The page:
Additional Screening Requirements

Applicants who have passed the written test (and the interview, if required) may be required to pass additional air traffic control aptitude screening for positions in the Department of Transportation, Federal Aviation Administration. Persons who do not pass the aptitude evaluation testing requirements will not be appointed to these positions.

Training Requirements

At all trainee and developmental levels, employees must learn the skills needed for operation at higher levels of responsibility. Failure of employees to meet training requirements for or accept promotion to higher grade air traffic control specialist positions may constitute grounds for reassignment, demotion, or separation from employment.

Certificate and Rating Requirements

Air traffic control specialists in all specializations must possess or obtain, within uniformly applicable time limits, the facility ratings required for full performance at the facility where the position is located.

Applicants must possess or obtain a valid Air Traffic Control Specialist Certificate and/or Control Tower Operator Certificate, if appropriate. These certificates require demonstrating knowledge of basic meteorology, basic air navigation, standard air traffic control and communications procedures, the types and uses of air navigation aids, and regulations governing air traffic.

Facility ratings require demonstration of a knowledge of the kind and location of radio aids to air navigation, the terrain, the landmarks, the communications systems and circuits, and the procedures peculiar to the area covered by the facility.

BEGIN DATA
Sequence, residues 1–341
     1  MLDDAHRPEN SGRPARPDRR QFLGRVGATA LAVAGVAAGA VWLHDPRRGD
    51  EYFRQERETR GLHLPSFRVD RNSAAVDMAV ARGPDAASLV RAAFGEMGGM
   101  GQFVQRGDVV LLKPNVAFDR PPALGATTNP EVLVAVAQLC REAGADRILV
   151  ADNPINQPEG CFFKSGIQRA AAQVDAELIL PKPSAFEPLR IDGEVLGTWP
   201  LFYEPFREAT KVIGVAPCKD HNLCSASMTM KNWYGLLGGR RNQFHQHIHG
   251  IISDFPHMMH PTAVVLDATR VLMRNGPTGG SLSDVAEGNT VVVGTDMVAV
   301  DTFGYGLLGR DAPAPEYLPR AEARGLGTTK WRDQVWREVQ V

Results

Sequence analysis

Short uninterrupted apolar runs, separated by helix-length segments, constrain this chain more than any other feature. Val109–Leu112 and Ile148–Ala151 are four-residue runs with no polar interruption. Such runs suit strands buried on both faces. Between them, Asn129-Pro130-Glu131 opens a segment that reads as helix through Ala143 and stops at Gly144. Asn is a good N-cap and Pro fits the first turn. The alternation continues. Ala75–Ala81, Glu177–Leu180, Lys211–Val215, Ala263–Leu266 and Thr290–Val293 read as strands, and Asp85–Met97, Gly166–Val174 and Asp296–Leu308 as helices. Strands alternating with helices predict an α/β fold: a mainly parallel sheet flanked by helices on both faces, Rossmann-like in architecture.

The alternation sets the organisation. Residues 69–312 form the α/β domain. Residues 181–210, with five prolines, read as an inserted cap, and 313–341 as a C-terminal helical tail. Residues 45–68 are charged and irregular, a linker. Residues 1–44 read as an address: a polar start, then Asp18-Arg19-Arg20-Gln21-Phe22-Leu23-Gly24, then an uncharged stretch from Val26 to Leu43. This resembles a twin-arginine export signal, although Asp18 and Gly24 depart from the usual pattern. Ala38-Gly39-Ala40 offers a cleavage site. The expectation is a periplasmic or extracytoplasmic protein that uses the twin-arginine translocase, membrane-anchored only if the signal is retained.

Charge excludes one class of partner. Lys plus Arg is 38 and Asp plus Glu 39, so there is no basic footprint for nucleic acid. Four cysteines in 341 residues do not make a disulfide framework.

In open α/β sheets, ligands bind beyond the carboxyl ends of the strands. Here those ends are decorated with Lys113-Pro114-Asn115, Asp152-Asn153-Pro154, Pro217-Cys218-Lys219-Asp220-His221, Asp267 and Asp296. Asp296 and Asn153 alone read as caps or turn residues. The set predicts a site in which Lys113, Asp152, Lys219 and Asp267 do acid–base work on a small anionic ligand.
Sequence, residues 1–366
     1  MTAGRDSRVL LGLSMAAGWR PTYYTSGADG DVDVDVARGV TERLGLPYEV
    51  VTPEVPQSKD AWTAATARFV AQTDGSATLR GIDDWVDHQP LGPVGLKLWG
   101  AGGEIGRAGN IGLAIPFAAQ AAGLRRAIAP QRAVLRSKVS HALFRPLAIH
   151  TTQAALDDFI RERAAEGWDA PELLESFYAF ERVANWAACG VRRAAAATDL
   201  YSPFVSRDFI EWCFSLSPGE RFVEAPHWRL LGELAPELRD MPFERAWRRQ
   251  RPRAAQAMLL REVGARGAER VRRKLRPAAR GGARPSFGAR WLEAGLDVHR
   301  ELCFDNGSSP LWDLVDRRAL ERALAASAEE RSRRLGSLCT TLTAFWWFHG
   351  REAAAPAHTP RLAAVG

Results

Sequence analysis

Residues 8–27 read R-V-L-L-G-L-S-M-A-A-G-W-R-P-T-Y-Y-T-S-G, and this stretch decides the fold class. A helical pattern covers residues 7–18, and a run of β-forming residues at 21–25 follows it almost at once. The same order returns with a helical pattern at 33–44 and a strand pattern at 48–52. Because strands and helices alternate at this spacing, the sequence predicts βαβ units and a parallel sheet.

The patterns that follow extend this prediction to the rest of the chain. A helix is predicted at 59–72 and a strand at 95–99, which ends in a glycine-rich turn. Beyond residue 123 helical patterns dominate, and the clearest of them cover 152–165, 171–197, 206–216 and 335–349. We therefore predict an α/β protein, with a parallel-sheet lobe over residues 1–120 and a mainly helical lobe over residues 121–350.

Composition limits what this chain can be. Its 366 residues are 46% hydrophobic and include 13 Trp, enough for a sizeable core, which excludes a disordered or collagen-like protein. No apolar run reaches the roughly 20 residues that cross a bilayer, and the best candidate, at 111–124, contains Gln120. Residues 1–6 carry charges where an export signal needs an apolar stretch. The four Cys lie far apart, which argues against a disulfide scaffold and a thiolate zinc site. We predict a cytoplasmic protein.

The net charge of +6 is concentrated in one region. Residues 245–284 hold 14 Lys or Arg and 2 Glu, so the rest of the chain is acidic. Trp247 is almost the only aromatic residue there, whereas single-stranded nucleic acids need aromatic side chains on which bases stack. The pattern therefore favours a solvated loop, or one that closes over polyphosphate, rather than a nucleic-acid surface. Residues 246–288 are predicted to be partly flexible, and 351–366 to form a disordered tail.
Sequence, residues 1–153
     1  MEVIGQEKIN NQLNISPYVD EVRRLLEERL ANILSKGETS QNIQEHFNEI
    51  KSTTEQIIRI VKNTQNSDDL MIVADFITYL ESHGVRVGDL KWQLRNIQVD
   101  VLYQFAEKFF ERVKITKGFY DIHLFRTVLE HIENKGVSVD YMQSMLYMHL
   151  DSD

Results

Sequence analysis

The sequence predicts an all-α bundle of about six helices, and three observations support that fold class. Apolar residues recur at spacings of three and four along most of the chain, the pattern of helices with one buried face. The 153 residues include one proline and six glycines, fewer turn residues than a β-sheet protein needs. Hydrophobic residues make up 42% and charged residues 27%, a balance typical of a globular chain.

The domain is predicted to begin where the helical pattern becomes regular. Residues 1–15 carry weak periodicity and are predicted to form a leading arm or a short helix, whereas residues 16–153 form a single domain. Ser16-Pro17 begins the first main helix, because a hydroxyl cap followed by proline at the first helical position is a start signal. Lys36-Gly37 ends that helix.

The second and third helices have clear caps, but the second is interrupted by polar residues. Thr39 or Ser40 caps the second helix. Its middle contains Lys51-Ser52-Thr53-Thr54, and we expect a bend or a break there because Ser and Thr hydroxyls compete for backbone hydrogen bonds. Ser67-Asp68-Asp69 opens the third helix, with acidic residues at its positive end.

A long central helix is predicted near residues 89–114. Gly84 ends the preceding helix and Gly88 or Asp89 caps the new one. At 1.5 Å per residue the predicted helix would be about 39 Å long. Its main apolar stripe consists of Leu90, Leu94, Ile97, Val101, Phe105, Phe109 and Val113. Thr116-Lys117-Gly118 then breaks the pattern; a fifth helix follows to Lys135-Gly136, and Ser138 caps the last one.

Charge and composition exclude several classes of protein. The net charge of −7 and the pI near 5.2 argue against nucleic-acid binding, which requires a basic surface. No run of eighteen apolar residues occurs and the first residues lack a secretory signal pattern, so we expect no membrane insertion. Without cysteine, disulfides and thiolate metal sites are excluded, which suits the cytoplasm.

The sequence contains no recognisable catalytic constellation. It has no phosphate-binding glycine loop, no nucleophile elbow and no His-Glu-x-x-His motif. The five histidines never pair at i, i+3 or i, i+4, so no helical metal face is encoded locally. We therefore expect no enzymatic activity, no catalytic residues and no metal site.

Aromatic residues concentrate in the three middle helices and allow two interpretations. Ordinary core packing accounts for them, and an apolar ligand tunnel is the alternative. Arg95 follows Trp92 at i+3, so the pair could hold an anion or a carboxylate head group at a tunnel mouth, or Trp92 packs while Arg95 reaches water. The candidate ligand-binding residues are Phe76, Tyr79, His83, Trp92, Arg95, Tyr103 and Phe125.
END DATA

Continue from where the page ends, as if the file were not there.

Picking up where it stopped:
Medical Requirements

In general, air traffic control specialist applicants and employees must have the capacity to perform the essential functions of these positions without risk to themselves or others. The provision of sufficient information about physical capacity for employment requires that before appointment applicants undergo appropriate pre-employment physical/medical evaluations.

In our final article in our series on the FAA we will interview an airway transportation systems specialist (GS-2101).

Credit

  • Arlene Salac, Public Affairs Officer, Washington, D.C.
  • FAA website: http://www.faa.go v
  • Photos provided by the FAA

Additional Resources

Helpful Career Planning Tools 

Visit our other informative site

The information provided may not cover all aspects of unique or special circumstances, federal and postal regulations, and programs are subject to change. Our articles and replies are time sensitive. Over time, various dynamic human resource guidance and factors relied upon as a basis for this article may change. The advice and strategies contained herein may not be suitable for your situation and this service is not affiliated with OPM, the postal service or any federal entity. You should consult with school counselors, hiring agency personnel offices, and human resource professionals where appropriate. Neither the publisher or author shall be liable for any loss or any other commercial damages, including but not limited to special, incidental, consequential, or other damages.

Posted in Applying For Jobs, Civil Service Tests, Federal Career Exploration, Federal Employees, Federal Jobs, Job Interviews, Job Qualifications, Job Vacancies

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Posted on Wednesday, 13th July 2016 by

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Writing a Federal Resume

Many federal job applicants are unaware of the requirement to provide a detailed federal style resume with their application. The federal style resume is typically 3 to 10 pages or more compared to the one page private sector version. The best qualified are selected for interviews and to make that cut you must provide detailed supportive information that confirms your qualifications for the position. Basically, you must provide a work history that highlights what you did in your prior work history to achieved the knowledge, skills, and abilities (KSAs) required for the job.